October 5, 2012 — Seven physicians and 84 other individuals across the country have been charged in federal courts with fraudulently billing Medicare for almost $430 million, Obama administration officials announced yesterday.
"This represents one of the largest takedowns in Medicare fraud in department history," Assistant Attorney General Lanny Breuer in the Department of Justice (DOJ) said in a press release.
The size of the takedown is by design. As in previous nationwide busts, the alleged Medicare frauds in various locales were not said to be related. In a press briefing yesterday, an official with the Department of Health and Human Services (HHS) said authorities chose to take action against scattered Medicare cheats on the same day for the sake of both efficiency and "impact."
"It's also important that we send a clear message to the nation that healthcare fraud is an absolute, number-one priority for this administration," said the HHS official, who spoke on the condition of anonymity.
In Wednesday night's presidential debate with Republican challenger Mitt Romney, President Barack Obama said that his administration's war on Medicare and Medicaid fraud has "saved tens of billions of dollars."
Billed Services Never Received, Patients Watched TV Instead
The indictments were filed in Miami, Florida; Chicago, Illinois, Brooklyn, New York; Dallas, Texas; Houston, Texas; Los Angeles, California; and Baton Rouge, Louisiana. Dozens of individuals named in the indictments either surrendered or were arrested Wednesday and yesterday. The 91 individuals charged include not only physicians but also nurses, chiropractors, a psychologist, and a physical therapist. They are accused of crimes such as healthcare fraud, conspiracy to commit healthcare fraud, violations of anti-kickback statutes, and money laundering.
In general, the alleged fraudsters billed Medicare for services that were medically unnecessary and frequently never even provided. More than $230 million in bogus billings involved home healthcare services. Mental healthcare fraud accounted for more than $100 million. Other schemes centered on durable medical equipment and ambulance services.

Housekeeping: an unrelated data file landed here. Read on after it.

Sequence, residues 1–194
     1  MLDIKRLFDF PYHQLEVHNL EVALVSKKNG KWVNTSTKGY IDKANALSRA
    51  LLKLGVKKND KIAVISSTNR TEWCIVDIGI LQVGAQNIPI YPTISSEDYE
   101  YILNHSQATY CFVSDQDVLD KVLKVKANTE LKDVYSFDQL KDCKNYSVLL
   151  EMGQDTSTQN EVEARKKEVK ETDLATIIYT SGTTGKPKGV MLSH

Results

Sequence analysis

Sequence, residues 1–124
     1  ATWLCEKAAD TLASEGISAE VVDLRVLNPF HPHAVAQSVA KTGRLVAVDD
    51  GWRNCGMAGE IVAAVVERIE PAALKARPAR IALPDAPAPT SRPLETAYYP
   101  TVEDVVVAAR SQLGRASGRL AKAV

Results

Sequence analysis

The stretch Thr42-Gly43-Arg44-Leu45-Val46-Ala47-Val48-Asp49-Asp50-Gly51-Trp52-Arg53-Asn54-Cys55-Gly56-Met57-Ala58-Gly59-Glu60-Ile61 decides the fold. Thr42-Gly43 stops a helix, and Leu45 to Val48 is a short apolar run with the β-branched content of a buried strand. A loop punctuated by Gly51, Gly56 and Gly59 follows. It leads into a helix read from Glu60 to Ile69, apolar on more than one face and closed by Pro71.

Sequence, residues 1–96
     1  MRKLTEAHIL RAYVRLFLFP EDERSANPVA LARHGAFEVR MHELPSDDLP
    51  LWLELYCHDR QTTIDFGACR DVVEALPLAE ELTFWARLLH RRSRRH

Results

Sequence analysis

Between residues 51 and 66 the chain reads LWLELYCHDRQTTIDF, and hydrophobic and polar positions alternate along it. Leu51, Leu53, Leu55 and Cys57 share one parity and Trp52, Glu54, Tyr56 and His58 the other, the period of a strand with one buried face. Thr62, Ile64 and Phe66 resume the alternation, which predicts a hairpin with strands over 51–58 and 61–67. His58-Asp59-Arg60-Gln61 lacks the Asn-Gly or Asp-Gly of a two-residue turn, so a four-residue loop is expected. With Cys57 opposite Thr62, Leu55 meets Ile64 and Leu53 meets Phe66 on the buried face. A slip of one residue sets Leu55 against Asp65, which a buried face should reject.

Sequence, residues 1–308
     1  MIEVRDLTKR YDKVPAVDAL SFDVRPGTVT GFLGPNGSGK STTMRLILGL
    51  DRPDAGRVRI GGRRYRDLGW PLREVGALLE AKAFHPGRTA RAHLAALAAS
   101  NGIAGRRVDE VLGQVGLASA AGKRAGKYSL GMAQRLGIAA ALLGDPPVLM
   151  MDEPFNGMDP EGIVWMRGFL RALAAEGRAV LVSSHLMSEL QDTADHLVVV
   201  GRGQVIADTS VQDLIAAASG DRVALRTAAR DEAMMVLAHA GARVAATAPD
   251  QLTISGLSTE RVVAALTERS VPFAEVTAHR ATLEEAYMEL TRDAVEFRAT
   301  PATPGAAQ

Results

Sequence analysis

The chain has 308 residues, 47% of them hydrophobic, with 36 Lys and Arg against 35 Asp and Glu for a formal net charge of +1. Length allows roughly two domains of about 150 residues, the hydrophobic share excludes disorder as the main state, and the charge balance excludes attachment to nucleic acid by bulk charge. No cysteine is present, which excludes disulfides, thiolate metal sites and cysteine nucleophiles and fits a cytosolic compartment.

In one of the more brazen schemes, administrators at a Texas hospital bribed Medicare beneficiaries with cigarettes, food, and hospital-store coupons to participate in partial hospitalization programs, according to court records. The beneficiaries did not receive the $158 million worth of services billed to Medicare, but instead watched television and played games.
Another indictment accuses Joseph Megwa, MD, in Arlington, Texas, and 2 registered nurses of participating in a home-healthcare racket that yielded $100 million in fraudulent Medicare billings. Dr. Megwa allegedly signed stacks of documents without reading them in the course of writing 33,000 prescriptions for more than 2000 beneficiaries over a 5-year stretch.
The indictments in the 7 cities stemmed from the work of the Medicare Fraud Strike Force, a joint operation of the DOJ and HHS that includes federal, state, and local investigators and prosecutors. Since its inception in March 2007, the Medicare Fraud Strike Force has charged almost 1500 individuals who together have falsely billed Medicare for more than $4.8 billion, according to a DOJ press release.
Medscape Medical News © 2012 WebMD, LLC
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